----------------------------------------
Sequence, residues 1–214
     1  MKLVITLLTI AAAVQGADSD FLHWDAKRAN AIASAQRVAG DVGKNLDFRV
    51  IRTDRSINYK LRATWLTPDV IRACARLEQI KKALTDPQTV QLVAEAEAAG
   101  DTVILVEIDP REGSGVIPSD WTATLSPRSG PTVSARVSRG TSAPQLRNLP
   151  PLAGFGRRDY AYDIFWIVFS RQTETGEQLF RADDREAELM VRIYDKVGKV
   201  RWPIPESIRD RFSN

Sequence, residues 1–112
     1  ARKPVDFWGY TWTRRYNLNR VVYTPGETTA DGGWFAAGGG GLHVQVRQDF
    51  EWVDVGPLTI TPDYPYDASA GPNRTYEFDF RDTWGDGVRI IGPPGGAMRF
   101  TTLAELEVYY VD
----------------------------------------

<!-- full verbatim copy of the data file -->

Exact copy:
Sequence, residues 1–214
     1  MKLVITLLTI AAAVQGADSD FLHWDAKRAN AIASAQRVAG DVGKNLDFRV
    51  IRTDRSINYK LRATWLTPDV IRACARLEQI KKALTDPQTV QLVAEAEAAG
   101  DTVILVEIDP REGSGVIPSD WTATLSPRSG PTVSARVSRG TSAPQLRNLP
   151  PLAGFGRRDY AYDIFWIVFS RQTETGEQLF RADDREAELM VRIYDKVGKV
   201  RWPIPESIRD RFSN

Sequence, residues 1–112
     1  ARKPVDFWGY TWTRRYNLNR VVYTPGETTA DGGWFAAGGG GLHVQVRQDF
    51  EWVDVGPLTI TPDYPYDASA GPNRTYEFDF RDTWGDGVRI IGPPGGAMRF
   101  TTLAELEVYY VD